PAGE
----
Our friend Stephen Covey calls this, “Starting with the end in mind”. On “Our Quest” our main goal was to “bring ourselves and others to Christ” (Moses 1:39). Everything else we did was to lead to that goal. What are we really trying to accomplish within our families? What are our family’s goals? Does our entire family, young ones included, know what the goals are? This is one of those things that should not go unsaid. Discuss it in family home evening. Write it down. Do whatever works, but know and discuss these goals.
2. Cherish the family.
During the “Trek” and “Our Quest” we divided the kids into “families.” They were big families with a mother and father, big brothers and sisters. These smaller groups made it possible to discuss and apply lessons, to support and love one another. To paraphrase Elder Maxwell, the family “plot” provides us with the “clinical material” needed for us to become who Father wants us to become. How blessed we are to be placed in our own “families” by a loving Heavenly Father, but we must cherish and protect it. If we lose this ingredient, the result will be devastating for the entire human family.
3. Foster faith and testimony through spiritual experiences.
I put spiritual experiences into two categories, 1) the ones we plan and 2) the ones we don’t.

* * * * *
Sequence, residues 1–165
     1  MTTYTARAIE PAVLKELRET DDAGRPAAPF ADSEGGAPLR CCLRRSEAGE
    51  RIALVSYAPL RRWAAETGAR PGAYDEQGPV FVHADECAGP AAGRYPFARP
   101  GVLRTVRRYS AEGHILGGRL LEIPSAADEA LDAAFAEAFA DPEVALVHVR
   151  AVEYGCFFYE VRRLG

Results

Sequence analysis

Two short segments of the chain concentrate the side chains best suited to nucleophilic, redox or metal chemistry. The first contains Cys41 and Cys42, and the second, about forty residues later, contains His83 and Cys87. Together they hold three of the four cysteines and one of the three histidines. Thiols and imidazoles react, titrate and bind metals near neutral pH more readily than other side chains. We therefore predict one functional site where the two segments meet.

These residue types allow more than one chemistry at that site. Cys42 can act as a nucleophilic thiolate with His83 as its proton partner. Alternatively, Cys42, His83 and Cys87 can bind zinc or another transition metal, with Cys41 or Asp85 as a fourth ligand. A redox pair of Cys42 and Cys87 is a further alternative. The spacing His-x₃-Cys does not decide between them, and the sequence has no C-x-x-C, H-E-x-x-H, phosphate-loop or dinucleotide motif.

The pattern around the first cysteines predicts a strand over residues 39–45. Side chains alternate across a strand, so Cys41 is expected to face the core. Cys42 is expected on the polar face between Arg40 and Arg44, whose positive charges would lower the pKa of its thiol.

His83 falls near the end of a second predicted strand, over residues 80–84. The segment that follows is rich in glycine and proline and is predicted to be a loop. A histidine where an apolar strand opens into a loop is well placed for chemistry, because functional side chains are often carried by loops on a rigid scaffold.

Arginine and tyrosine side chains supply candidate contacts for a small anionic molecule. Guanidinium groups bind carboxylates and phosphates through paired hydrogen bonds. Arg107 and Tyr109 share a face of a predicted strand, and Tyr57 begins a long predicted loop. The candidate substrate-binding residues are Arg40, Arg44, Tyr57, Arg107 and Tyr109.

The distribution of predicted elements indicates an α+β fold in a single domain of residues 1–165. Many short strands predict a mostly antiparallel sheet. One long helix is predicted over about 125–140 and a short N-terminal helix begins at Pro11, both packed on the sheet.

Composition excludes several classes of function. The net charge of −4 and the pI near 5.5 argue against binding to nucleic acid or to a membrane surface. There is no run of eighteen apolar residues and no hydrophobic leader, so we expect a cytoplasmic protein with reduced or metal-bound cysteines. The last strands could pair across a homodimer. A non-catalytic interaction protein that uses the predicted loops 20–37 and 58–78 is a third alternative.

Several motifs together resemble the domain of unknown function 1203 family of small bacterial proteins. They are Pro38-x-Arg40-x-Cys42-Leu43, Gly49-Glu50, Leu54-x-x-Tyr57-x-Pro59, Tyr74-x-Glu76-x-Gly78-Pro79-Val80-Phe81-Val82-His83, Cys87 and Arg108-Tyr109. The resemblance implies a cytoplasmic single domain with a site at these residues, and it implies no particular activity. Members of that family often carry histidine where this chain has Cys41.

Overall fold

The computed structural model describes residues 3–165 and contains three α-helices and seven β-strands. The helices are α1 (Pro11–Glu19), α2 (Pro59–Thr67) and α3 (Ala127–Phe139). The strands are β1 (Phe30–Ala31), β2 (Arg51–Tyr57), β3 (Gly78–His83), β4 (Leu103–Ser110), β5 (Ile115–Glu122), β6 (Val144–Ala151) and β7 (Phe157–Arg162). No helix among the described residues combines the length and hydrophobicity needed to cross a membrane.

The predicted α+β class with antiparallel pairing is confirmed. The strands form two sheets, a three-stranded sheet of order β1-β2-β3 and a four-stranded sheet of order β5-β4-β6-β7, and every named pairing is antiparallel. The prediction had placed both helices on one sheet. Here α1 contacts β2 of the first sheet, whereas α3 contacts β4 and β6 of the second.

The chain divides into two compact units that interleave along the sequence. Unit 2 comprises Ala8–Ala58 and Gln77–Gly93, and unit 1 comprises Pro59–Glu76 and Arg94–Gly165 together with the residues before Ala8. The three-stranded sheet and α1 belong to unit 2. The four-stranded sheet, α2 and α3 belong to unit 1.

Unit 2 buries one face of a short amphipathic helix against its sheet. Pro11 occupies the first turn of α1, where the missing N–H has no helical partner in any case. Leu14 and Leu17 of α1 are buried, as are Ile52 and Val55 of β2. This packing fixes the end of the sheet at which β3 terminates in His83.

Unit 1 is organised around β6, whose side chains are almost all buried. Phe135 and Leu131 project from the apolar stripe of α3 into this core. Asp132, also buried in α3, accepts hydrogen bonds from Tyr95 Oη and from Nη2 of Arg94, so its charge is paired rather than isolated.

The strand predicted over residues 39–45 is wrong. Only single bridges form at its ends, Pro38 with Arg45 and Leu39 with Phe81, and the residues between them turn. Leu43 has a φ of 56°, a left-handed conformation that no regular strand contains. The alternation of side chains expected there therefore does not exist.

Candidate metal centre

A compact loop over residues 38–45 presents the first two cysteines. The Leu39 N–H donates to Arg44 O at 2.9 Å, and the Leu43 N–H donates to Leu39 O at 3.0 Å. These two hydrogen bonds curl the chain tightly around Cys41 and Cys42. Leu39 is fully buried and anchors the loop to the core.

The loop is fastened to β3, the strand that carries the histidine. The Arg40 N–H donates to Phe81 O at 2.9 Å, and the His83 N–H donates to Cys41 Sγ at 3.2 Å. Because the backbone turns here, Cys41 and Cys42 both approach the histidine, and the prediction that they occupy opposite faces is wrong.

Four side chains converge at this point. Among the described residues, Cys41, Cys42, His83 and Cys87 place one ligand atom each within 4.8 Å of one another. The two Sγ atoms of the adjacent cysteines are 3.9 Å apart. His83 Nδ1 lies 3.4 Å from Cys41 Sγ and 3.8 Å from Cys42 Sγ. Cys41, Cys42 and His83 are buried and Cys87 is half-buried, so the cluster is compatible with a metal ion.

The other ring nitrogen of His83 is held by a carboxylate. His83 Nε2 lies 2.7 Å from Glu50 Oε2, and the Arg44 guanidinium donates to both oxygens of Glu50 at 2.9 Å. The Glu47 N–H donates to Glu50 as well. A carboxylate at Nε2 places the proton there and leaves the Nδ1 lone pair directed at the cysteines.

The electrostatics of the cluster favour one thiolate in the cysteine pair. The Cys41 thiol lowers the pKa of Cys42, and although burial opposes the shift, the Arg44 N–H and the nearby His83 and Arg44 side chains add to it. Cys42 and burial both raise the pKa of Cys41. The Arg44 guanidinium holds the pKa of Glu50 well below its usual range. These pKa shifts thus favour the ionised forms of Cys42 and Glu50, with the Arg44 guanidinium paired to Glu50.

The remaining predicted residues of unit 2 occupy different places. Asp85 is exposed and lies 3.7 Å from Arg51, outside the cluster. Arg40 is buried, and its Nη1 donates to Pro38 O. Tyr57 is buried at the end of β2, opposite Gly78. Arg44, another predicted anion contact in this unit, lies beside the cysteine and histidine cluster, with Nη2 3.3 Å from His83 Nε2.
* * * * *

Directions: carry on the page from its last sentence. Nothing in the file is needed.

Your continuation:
- Planned: We prayerfully planned and created an agenda of activities that we felt would provide spiritual experiences for our youth. From the “woman’s pull” to “Lehi’s Dream” we did our best to create the conditions where spiritual experiences would occur.
- Not planned: We understood that just being there together and facing real life would create conditions necessary for all kinds of experiences, even experiences that would be full of spiritual opportunities. However, spiritual experiences would go unrealized if we, as leaders, were not discerning enough to recognize the opportunities and then bring them out, discuss them, and make them count.
Families are the same. Parents do their best to provide spiritual experiences. We put our children in situations where we hope they will feel the Spirit. We read the scriptures. We pray. We go to church. We send them off to Primary, Young Mens and Young Womens. We get them up early for seminary. We have Family Home Evening. We take them on church history tours and send them to EFY and on and on. We plan and do these important activities so our children will have spiritual experiences.
At the same time however, spiritual experiences are happening all around us. Again, the “clinical material” of a fallen world provides ample opportunities to have and discuss spiritual experiences. But often we as parents miss these opportunities. It is so important that we pray and seek for the gift of discernment so we recognize the times when circumstances present teaching moments. And then we must seize those moments.
Look for “Part 2” tomorrow. In the meantime, here are two “music videos” put together showing parts of “Our Quest”. Enjoy. Please leave comments!